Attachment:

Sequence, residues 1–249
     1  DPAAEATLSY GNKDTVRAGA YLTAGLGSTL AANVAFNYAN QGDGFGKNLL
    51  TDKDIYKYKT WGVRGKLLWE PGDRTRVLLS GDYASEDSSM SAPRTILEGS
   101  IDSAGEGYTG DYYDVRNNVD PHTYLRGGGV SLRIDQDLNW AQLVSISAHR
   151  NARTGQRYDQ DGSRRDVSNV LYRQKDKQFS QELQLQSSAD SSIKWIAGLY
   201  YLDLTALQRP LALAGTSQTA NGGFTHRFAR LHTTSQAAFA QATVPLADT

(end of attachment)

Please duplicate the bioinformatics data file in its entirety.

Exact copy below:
Sequence, residues 1–249
     1  DPAAEATLSY GNKDTVRAGA YLTAGLGSTL AANVAFNYAN QGDGFGKNLL
    51  TDKDIYKYKT WGVRGKLLWE PGDRTRVLLS GDYASEDSSM SAPRTILEGS
   101  IDSAGEGYTG DYYDVRNNVD PHTYLRGGGV SLRIDQDLNW AQLVSISAHR
   151  NARTGQRYDQ DGSRRDVSNV LYRQKDKQFS QELQLQSSAD SSIKWIAGLY
   201  YLDLTALQRP LALAGTSQTA NGGFTHRFAR LHTTSQAAFA QATVPLADT